Sunshine Week: Searchable database of N.H. retirement system ‘double-dippers’ 

  • FILE - In this Sept. 24, 2013 file photo, freshly cut stacks of $100 bills make their way down the line at the Bureau of Engraving and Printing Western Currency Facility in Fort Worth, Texas. We spend decades planning financially for retirement, analyzing whether our savings will carry us comfortably through post-work life. But we don’t necessarily plan for the emotional challenges of leaving the workforce. (AP Photo/LM Otero, File)

Monday, March 20, 2017

A part-time, retired employee of the Keene School District earned $30 million last year for 306 hours of work – or $98,000 per hour – according to unaudited data released by the New Hampshire Retirement System.

That information is incorrect, but it’s the best the public has to evaluate the hours and compensation of so-called “double dippers,” or workers who retire with a government pension and then go back to work for the government, collecting a paycheck and a pension at the same time.

These workers and their employers don’t contribute a portion of their pay into the retirement system – as would be the case for non-retired workers – so they don’t help repair the retirement system’s multi-billion dollar unfunded liability.

Until two years ago, no one was keeping track of how many double dippers existed or how much they were earning. A few high-profile cases gained the attention the public – and lawmakers – especially when towns filled formerly full-time positions with part-time retirees. But the overall accounting was unavailable until the Legislature ordered government employers to file monthly reports naming their double-dippers and the amounts they earned in 2013.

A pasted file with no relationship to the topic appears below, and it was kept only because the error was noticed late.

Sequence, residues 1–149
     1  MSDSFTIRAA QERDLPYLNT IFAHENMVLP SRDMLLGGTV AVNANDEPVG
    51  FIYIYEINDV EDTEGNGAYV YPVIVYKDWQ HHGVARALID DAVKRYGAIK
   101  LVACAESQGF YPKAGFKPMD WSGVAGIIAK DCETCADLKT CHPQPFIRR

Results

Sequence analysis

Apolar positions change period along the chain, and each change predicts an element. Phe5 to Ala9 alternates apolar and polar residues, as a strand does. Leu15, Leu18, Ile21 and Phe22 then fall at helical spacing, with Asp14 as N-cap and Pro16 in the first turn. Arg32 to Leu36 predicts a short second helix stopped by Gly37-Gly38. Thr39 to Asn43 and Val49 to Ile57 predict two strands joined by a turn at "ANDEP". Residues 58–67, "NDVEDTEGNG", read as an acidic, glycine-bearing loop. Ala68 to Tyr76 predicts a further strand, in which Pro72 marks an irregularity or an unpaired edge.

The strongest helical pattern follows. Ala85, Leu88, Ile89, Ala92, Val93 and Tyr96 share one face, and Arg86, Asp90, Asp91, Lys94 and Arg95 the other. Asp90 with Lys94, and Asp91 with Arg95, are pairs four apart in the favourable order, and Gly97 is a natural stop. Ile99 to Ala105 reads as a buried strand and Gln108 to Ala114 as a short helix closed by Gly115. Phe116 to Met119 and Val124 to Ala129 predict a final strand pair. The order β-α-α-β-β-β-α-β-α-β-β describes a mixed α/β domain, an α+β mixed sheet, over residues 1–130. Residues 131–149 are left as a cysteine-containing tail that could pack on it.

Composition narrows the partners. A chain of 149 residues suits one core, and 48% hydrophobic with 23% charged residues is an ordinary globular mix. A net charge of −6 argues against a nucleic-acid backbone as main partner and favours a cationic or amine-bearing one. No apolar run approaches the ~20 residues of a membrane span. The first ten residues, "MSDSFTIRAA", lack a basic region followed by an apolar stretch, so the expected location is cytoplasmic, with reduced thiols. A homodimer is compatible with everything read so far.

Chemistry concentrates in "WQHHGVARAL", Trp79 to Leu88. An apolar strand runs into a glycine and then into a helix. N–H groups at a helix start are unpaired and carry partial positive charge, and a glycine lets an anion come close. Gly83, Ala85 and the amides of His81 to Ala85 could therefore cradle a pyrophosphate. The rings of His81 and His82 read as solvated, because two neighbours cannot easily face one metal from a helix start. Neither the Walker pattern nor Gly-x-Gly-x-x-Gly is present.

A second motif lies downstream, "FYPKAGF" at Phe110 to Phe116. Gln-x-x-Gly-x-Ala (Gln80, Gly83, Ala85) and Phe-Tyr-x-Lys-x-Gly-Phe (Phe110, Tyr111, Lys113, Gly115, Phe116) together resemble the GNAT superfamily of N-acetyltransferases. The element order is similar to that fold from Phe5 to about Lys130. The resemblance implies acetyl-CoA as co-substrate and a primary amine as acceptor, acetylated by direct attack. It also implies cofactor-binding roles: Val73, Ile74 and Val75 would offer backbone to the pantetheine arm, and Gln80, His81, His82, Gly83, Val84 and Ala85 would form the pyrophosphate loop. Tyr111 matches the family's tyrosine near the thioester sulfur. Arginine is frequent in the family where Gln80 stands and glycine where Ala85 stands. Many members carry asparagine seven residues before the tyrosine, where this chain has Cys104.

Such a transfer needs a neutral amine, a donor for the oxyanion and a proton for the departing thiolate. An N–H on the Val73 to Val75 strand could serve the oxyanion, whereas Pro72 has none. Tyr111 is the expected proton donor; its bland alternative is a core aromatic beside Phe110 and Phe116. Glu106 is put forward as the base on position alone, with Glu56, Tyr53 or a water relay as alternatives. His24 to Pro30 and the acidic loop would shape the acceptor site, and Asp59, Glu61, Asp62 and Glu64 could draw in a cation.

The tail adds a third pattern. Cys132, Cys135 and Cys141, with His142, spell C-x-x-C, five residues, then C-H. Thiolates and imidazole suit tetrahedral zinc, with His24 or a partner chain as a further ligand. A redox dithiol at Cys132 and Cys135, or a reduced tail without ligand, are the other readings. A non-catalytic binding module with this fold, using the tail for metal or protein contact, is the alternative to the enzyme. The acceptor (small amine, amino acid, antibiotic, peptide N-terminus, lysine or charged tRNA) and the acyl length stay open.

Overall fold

The change passed in House Bill 342 was prompted in part by the retirement system’s more than $4 billion unfunded liability, or the gap between the benefits it has promised and the cash it has on hand. 

The data released for 2016 has its obvious anomalies. It is later audited and summarized by the Retirement System, but the individual reporting from towns can have errors that go uncorrected in the raw data, which is subject to the Right to Know Law. None is more eye-popping than the $30 million-a-year teacher, but according to the unaudited figures, two other Keene teachers topped $10 million apiece. Not likely.

Requests for summary data for each retiree who has returned to work for a public employer have gone unfulfilled.

We’ve posted the available data as it was received, with editing to combine weekly numbers into yearlong totals.